The Ultimate Guide to Smart Manufacturing
Cisco Live just wrapped last week, and we had a lot of great conversations with customers who are looking to evolve their manufacturing operations and achieve an “ultimate state.” Many of these conversations revolved around how to improve their factory network and reduce downtime, taking advantage of wireless in a plant and becoming more secure, and how can IT and OT collaborate better together. For the first time, we have captured all these topics in one place, and we call it the Ultimate Guide to Manufacturing. What does an Ultimate Guide to Manufacturing deliver? More than you expect – here’s why.
Manufacturing’s goal is always to continuously approve with an aim towards reaching an “ultimate state.” These goals include:
- Ultimate overall equipment effectiveness (OEE)
- Ultimate productivity
- Ultimate efficiency
- Ultimate visibility
- Ultimate use of resources
The path to achieving these goals has changed over time from the industrial revolution where new machinery helped drive productivity ultimately leading to mass production of products and the integration of automation and computers to drive efficiency, visibility for manufacturing and optimize process and resources as a means of competitive advantage for companies.
Manufacturing has now entered what many describe as Industry 4.0 and is characterized by the combination of cyber-physical technologies through connectivity, data collection and management and distributed computation. Industry 4.0 is the ultimate vision of that state for manufacturers, and we see three foundations that manufacturers must develop to make their factories “smart”:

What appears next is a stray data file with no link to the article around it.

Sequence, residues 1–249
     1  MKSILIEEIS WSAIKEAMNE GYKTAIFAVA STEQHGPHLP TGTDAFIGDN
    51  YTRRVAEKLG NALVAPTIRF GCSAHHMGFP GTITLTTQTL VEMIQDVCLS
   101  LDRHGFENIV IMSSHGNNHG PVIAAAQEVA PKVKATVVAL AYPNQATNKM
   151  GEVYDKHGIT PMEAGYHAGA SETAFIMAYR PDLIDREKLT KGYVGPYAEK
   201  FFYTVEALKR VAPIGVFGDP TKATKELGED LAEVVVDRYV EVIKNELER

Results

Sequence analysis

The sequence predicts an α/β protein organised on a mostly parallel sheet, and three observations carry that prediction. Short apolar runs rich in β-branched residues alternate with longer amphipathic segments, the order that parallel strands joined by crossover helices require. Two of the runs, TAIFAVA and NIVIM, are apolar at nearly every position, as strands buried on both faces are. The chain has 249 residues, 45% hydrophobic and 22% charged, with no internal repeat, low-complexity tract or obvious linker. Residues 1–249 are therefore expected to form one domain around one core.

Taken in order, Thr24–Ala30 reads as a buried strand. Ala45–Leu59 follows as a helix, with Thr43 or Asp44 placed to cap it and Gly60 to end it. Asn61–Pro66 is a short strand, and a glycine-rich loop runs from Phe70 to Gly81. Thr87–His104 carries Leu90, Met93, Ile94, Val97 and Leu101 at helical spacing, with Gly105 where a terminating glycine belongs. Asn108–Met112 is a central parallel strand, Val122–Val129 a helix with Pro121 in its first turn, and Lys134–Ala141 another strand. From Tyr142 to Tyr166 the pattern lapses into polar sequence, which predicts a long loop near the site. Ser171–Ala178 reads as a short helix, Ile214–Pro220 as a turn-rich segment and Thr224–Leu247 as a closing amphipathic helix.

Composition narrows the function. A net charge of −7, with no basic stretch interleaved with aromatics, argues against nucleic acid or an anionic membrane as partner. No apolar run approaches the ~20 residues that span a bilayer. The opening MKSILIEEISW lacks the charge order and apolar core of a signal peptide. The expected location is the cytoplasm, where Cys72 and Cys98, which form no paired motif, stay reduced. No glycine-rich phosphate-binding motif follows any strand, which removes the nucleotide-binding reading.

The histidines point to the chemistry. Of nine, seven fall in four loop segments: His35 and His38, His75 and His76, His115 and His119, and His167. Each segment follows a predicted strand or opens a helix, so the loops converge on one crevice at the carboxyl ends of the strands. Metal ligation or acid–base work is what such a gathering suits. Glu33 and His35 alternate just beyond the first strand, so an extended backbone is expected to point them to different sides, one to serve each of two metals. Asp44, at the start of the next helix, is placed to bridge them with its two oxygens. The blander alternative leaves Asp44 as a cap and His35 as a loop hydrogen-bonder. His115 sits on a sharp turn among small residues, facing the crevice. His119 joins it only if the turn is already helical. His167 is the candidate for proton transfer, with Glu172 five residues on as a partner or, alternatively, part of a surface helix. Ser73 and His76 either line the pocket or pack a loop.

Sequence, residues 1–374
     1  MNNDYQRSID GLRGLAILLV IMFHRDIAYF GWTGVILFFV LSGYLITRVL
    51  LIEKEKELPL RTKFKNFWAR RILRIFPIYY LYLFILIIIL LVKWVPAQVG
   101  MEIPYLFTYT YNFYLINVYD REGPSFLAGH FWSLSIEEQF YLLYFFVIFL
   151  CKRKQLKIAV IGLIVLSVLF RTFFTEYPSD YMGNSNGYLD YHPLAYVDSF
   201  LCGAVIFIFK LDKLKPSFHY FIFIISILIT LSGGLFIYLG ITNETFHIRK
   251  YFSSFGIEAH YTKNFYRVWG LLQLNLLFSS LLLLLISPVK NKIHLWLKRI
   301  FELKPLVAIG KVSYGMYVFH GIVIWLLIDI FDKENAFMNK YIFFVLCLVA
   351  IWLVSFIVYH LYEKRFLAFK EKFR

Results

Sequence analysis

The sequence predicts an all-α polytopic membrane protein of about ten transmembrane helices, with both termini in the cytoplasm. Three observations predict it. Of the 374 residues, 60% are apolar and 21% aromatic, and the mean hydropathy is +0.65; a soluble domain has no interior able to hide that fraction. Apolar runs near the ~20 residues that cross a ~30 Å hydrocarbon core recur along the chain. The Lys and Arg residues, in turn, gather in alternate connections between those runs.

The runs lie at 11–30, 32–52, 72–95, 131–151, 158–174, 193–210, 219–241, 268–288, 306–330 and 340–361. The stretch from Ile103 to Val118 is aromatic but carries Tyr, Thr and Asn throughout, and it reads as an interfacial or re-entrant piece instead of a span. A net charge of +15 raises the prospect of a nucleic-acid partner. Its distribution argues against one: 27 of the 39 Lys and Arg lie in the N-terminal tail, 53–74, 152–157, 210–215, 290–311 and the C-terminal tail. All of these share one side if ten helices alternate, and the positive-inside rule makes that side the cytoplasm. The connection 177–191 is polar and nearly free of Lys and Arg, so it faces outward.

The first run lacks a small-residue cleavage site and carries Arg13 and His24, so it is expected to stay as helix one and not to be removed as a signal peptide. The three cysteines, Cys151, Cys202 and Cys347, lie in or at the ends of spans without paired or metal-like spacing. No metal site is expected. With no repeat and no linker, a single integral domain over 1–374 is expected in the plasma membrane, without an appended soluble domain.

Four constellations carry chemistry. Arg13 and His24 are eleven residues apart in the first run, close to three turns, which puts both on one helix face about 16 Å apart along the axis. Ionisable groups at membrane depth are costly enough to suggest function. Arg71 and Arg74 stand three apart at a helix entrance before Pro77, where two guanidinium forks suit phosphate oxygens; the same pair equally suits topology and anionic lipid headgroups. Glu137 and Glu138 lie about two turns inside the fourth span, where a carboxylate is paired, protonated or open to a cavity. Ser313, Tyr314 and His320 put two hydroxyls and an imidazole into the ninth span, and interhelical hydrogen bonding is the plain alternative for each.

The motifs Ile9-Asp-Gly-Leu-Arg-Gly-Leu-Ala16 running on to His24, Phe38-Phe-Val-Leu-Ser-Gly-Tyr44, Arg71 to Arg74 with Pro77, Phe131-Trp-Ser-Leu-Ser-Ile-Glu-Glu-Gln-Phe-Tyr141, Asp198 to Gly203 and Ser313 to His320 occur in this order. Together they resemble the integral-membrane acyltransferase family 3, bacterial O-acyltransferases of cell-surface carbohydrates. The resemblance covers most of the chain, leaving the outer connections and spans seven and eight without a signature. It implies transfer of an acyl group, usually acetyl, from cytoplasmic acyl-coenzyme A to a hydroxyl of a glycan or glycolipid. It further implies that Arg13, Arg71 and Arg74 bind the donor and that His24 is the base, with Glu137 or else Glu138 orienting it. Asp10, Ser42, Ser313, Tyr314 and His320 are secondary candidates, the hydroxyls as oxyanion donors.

- Hyperawareness– An organizational capability to recognize real-time insights and future trends. A critical component of hyperawareness is the ability to see first-hand how products and services are used in practice.
- Informed decision making– The capability to actively analyze information that arrives through hyperawareness and to ensure that it reaches those who need it most.
- Fast execution– Informed decisions must be turned into action (predictive maintenance when a plant-floor machine shows early signs of fatigue, for example) 1
Manufacturers will succeed when they’re connected, agile, and secure. Technology is leading the way for the industry, and over the past year, we have discussed many areas and applications that are helping drive these capabilities within smart manufacturing. We’ve explored these topics through a series of white papers focused on:
- Industrial security
- IT/OT convergence
- Wireless technology
- Data management
To help manufacturers build a strong foundation to Industry 4.0 we are happy to deliver the Ultimate Guide to Smart Manufacturing, which explores upon all the topics mentioned above in a new combined E-book. The guide will help companies understand what are the right technology investments to achieve their goals and drive transformation without being disrupted by current risks to their business. See some smart factory case studies here.
Some examples of topics explored in the guide include:
- Four ways to maximize security in a smart manufacturing environment
- Enabling real-time decision making through fog computing
- The top 4 misconceptions about industrial wireless
- Leveraging Collaboration technology for remote maintenance
- Avoiding the pitfalls of Data Management
For more on digital manufacturing, explore our manufacturing site.
This article was written by Eric Ehlers, Marketing Manager at Cisco. Eric joined Cisco in 2016, taking responsibility for marketing in the manufacturing vertical. He was previously Director of Marketing at Belden, where he worked with the Industrial Networking and Connectivity, Enterprise Connectivity and Cybersecurity business units. Originally the article was published here.